Understanding Corrosion in Water Pipelines: A Guide for Pipeline Designers


Instant-Off Potential

Last updated: December 7, 2015

What Does Instant-Off Potential Mean?

Instant-off potential refers to a standard cathodic protection (CP) measurement method. It is the polarized half-cell potential of an electrode taken immediately after stopping the cathodic protection current. This potential closely approximates the potential without an IR drop (i.e. the polarized potential) when the current was on. Instant-off potential represents an effective on-potential (with IR-drop compensation).

This potential can be used for the measurement of cathodic protection of a buried pipeline in the oil and gas industry.


Corrosionpedia Explains Instant-Off Potential

Instant-off potential is the measurement of the structure-to-soil potential made immediately following the interruption of the cathodic protection rectifier. In this measurement, the effect of voltage drops on a structure-to-electrolyte is determined by interrupting all significant current sources that may influence the half-cell potential. The measurement is done immediately after the switch-off of CP current to avoid the loss of polarization. This type of potential measurement provides greater accuracy than readings recorded with the current on. It is also commonly used to evaluate the level of cathodic protection achieved.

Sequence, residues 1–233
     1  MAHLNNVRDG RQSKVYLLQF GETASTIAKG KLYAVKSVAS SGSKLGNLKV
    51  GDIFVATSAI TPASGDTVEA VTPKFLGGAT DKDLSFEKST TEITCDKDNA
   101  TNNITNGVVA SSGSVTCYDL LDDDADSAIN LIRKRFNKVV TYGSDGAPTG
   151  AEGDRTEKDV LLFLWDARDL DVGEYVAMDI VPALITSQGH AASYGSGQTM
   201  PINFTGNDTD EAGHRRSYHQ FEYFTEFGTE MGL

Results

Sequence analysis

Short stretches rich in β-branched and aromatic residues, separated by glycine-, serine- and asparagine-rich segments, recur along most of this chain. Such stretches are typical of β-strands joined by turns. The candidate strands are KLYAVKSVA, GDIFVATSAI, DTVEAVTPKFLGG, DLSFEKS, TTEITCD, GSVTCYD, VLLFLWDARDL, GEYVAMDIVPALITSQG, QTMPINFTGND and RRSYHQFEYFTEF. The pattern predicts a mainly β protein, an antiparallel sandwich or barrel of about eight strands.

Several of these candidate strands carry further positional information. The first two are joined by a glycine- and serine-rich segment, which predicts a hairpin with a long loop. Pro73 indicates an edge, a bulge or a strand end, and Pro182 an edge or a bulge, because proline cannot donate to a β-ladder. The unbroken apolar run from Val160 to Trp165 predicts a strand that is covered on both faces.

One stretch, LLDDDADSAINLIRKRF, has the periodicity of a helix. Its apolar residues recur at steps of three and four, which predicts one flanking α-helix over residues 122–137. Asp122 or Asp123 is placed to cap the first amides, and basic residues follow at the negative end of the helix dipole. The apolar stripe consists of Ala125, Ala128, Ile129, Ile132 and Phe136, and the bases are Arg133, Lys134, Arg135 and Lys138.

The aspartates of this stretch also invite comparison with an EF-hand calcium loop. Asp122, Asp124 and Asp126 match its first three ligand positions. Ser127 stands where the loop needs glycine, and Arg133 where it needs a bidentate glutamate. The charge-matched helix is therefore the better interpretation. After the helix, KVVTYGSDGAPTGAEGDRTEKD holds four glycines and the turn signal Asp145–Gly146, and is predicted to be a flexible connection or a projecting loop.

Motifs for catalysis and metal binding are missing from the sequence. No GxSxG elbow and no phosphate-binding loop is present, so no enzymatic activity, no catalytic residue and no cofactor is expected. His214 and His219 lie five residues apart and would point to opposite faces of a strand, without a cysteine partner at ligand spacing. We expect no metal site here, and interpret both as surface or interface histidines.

For example, in an instant-off potential measurement in a pipe-to-soil, the pipeline potential shows more negative than its true potential due to electrolyte IR-drop errors caused by cathodic protection. The instant-off potential measurement corrects these errors. The CP current is momentarily stopped to produce a “true” pipe-to-soil potential, which is free from undesirable IR drop effects and taken before any appreciable depolarization has occurred. When the CP current is turned off, the current lowers to zero (I=0 amps) and causes the IR drop. This measurement produces a correct measure of the level of protection afforded to the pipeline. When it is not possible to momentarily stop the CP current, an alternative method such as a corrosion coupon is employed.


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